Actually, that one-time fee is not only very affordable, and not too colossal of a sum to make back for so many independent musicians, but it gets you many other services and tools, including our widget, the YouTube deal, our Facebook music store, and many other things at http://members.cdbaby.com/ and to come (not to mention physical CD distribution!) And many of the retail stores we deliver to - actually, most - don't take artists going direct (because they don't want to deal with nonstandard metadata and encoding or millions of accounts) - and, even if someday they would, our handling all of the accounting and delivery for you would save you many hours of hassle. As far as promotion, we don't want to make false promises or charge huge sums to offer "marketing packages" as other companies do - we're all about providing advice (at diymusician.cdbaby.com and in our newsletters) and tools to help you look good and get you everywhere. Cheers.
- Brian Felsen
President, CD Baby
Visitor Tuesday, August 14, 2012
What was the method used to compile these stats?
Antho9 Tuesday, August 14, 2012
So CD Baby should change it's name to "Aggregator Baby"? I've been reading for years about CD Baby boasting how it has sold millions of CDs for independent artists but now they're revealing that they don't really sell many physical CDs at all? I'm confused - when did this happen? I was under the impression that downloads only accounted for a small portion of CD Baby's revenue (unlike the majors).Weird... so much for making a living from selling CDs I guess!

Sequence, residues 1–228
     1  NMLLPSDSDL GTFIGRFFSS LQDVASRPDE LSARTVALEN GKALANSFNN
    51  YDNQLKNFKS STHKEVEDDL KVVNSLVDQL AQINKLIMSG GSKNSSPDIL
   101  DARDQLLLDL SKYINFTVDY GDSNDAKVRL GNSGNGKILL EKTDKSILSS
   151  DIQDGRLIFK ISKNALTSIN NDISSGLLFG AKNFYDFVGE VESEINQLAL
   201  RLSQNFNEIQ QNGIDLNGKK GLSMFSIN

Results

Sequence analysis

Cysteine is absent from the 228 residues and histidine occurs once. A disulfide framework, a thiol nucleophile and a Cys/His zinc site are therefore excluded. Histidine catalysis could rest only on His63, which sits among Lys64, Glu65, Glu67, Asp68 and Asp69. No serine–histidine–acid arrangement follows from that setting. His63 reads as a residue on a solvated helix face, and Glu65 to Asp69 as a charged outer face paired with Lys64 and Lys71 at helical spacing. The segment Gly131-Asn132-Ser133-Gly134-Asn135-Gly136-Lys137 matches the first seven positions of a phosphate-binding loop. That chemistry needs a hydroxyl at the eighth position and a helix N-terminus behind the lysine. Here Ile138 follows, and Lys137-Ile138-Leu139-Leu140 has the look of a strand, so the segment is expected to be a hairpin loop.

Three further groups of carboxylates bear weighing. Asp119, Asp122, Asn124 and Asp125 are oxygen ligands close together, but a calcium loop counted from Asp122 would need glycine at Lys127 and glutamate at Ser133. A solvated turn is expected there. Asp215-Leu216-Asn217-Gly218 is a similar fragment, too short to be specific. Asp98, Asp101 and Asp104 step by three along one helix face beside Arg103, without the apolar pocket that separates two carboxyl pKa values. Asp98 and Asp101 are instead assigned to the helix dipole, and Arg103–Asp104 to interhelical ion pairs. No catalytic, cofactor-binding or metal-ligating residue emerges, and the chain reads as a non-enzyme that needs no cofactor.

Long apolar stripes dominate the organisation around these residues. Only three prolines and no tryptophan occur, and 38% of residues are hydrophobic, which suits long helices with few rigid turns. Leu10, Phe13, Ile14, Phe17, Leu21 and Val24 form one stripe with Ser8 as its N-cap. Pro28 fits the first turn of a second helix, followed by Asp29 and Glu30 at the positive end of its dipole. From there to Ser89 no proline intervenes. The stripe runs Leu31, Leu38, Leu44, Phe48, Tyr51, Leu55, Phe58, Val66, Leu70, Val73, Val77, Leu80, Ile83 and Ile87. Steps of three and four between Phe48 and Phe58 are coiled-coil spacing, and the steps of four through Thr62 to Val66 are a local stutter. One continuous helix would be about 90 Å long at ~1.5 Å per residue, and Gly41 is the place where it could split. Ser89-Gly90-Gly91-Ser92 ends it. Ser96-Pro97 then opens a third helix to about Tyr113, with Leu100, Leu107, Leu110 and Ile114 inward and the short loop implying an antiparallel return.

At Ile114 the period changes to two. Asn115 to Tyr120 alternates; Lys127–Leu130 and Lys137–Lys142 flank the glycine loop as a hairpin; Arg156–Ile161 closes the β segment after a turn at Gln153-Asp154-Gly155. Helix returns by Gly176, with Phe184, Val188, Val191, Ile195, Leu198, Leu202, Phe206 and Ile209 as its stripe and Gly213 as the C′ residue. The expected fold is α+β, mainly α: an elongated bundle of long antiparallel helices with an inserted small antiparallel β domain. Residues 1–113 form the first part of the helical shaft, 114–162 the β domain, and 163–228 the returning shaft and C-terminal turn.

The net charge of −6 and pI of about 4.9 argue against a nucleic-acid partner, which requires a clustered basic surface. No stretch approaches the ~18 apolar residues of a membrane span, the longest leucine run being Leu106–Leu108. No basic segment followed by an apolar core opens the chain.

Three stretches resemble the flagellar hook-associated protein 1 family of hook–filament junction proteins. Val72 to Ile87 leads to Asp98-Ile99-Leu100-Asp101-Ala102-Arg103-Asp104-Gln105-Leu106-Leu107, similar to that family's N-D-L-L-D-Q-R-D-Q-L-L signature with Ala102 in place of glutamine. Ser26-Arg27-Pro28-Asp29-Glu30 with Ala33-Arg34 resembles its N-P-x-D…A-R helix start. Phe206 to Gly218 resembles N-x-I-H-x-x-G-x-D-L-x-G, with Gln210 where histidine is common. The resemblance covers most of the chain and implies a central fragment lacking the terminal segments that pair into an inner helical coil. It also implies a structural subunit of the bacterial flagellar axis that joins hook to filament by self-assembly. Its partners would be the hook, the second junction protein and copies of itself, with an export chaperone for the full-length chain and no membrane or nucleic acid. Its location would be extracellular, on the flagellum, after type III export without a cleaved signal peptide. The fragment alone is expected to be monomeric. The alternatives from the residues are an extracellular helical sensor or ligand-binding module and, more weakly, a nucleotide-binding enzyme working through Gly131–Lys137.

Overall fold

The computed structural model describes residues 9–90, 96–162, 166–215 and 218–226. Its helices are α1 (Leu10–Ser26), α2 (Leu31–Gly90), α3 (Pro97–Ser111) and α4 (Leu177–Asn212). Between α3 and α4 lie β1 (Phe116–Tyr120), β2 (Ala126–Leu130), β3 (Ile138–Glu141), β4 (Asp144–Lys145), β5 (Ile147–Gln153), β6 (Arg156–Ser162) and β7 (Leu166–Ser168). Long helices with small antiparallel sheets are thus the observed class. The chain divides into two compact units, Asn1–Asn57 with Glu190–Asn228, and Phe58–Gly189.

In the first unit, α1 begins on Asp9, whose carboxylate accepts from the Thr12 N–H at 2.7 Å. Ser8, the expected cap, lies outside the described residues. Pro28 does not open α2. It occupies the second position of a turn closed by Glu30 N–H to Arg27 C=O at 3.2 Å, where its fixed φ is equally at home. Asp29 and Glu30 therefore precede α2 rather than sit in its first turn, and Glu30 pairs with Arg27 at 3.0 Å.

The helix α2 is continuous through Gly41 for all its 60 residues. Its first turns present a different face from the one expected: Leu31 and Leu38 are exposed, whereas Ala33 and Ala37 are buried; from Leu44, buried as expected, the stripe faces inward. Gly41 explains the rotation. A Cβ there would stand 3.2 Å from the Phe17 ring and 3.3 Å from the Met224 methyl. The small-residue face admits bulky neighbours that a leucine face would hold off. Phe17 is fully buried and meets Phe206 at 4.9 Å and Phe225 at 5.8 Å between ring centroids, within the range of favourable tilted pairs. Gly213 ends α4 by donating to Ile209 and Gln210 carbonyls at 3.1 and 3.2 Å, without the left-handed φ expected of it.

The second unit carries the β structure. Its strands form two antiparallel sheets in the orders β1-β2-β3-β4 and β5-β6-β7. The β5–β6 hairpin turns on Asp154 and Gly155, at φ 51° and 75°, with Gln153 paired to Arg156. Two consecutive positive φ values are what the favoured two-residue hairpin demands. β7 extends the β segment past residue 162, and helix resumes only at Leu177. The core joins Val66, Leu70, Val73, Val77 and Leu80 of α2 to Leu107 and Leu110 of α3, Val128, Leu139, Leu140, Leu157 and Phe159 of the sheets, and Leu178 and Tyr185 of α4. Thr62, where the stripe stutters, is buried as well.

@mfioretti_en Sunday, August 26, 2012
here is another piece that, albeit comforting of course, repeats the mistake that musician=artist
Alexis Acosta Monday, September 03, 2012
I've seen many of my wish list items not having cd purchase available anymore.I'm an upcoming audiophile and I'm trying to purchase cds whenever I can afford them.It just so many artist,it's expensive.I hope cds stick around.I don't want to be stuck with 320 bit rate max.Most digital music services only provide 256bit rate for mp3s also.everyone loves and has hd tv,and I want my hd music too.
Digital music distribution has only made piracy easier,most people under 50 just donwload torrents and mp3s illegally.I was sent reports to the FBI and RIAA about limewire and megaupload months before they were both shut down;I hope my reports led to the shut downs.Everyone at my job tells me they download music for free,even my boss,pisses me off.People have no morals,becasue they think they can't caught.they have that everyone else is doing it too mentality.